Wednesday, May 19, 2010

The Importance of Your Dog’s Diet

The better we as humans eat, the better our bodies function. We can avoid excessive sickness, weight gain, and fatigue, among other things, if we are eating well. As the saying goes, “Garbage in, garbage out.” The same can be said of our hunting dogs. If you are expecting optimum performance from your dog, you should be providing the best diet possible. This does not mean you should spend more on your dog’s food than your own, it simply means that you should be cognizant of the ingredients within your dog’s food and make changes where necessary.

Dog Food

The first ingredient in your dog’s bag of food should be chicken or lamb (or it could be a pricier meat like buffalo, duck, or salmon). Meat byproducts are often found in lesser quality foods, which signify the use of any number of extra pieces of the animal that were not able to be used in the grocery store for human consumption. There should be at least 20% protein in the dog’s food, supplied by the highest quality meat ingredients you can afford. Along with this, the food should have about 10% fat. Beware of fillers. Corn is a common ingredient in dog food, but is very difficult for dogs to digest and fills their stomach so there is less room for more nutritious foods. In some packaged dog foods, oatmeal is used as a filler; oatmeal is much friendlier to your dog’s digestive system and therefore a much better choice. Some manufacturers are responding to the needs of healthier ingredients and have begun adding fruits and vegetables, which will also help round your dog’s diet.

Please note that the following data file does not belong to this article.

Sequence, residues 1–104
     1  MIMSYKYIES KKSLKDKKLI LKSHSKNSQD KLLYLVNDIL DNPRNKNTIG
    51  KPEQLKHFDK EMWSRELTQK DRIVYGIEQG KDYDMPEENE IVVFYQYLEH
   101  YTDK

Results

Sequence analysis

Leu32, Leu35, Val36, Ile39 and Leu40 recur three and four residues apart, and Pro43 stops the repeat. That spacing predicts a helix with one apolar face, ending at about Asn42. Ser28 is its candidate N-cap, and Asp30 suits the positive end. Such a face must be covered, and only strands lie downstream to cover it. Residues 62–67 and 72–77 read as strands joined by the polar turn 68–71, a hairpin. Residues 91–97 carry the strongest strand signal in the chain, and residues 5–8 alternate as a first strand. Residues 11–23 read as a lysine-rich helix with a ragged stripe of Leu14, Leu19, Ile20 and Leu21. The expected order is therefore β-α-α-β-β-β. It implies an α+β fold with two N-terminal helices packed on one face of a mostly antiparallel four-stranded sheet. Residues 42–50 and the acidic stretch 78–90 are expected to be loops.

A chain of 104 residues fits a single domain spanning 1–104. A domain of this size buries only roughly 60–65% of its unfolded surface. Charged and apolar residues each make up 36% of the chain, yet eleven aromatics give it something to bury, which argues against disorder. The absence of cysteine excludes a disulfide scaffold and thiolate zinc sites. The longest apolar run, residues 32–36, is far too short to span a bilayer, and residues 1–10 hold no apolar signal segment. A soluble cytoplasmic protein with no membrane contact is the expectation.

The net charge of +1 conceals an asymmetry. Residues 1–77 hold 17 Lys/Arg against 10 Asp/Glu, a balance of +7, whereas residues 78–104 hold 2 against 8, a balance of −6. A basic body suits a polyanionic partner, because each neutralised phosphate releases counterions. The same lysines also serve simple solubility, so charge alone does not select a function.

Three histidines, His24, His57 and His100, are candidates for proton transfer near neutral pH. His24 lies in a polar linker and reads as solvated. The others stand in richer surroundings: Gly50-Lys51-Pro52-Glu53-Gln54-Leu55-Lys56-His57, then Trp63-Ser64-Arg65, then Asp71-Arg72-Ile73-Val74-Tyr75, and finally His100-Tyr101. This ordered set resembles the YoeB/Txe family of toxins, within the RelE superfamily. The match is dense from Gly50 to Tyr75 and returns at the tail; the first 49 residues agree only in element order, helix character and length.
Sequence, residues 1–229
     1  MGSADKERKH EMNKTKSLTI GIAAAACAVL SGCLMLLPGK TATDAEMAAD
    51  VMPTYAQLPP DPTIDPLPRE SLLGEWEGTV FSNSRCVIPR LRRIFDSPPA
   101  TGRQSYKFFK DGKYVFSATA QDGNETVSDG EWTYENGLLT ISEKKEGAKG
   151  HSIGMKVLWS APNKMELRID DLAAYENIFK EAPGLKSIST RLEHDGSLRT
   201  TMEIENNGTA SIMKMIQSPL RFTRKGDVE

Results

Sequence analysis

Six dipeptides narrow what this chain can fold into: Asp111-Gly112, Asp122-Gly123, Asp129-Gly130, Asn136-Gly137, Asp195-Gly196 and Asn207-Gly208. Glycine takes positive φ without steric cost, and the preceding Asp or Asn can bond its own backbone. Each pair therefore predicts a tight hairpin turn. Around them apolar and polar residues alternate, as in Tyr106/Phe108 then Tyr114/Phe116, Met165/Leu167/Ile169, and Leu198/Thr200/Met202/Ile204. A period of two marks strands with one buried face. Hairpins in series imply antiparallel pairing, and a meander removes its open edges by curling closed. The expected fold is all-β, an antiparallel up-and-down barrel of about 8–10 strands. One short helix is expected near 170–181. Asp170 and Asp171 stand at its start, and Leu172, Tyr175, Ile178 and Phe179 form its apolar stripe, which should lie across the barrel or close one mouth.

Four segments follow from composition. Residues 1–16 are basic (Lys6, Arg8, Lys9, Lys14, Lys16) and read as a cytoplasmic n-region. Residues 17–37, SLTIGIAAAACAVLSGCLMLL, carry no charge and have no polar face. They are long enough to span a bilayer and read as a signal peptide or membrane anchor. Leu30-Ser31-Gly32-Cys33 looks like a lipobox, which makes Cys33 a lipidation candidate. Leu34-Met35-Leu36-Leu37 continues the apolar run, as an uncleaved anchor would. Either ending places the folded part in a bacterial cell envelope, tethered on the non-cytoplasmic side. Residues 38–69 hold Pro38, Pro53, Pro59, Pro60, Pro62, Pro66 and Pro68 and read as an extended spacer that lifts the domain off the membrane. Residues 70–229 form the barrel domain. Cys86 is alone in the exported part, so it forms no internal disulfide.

Depending on your dog’s level of activity, the quantity of food you are serving him or her will change. During a high-activity time, the body’s demand for calories to burn will be higher, necessitating more food. On the other hand, if it is the off-season and the dog is spending a lot of time resting and napping the quantity of food you supply should be less. However, cold weather requires more food than summer temperatures (up to 50% more).


The consumption of water is vastly important to your dog’s health. Water aids in the digestion and absorption of food, as well as regulating the dog’s internal body temperature. Toxins and waste are carried away from the body with water. Just for survival, the dog needs at least 2 ml of water for every pound the dog weighs each day.


For a dog that is in need of an additional boost of energy or if they are recovering from injury or sickness, you can add a boost to their diet with just a few ingredients. Boil chicken or liver until done, then put in the food processor or mash it well. Add about ½ cup to the dog’s regular food. Other additions can be: a raw egg, ½ cup yogurt or cottage cheese, and salmon oil (or other fish oil).


A quality, well-balanced diet leads to energy, well-developed muscles, a thick coat, and insulation against cold weather. Less illness will plague your dog and injuries can even heal more quickly if your dog is well fed.


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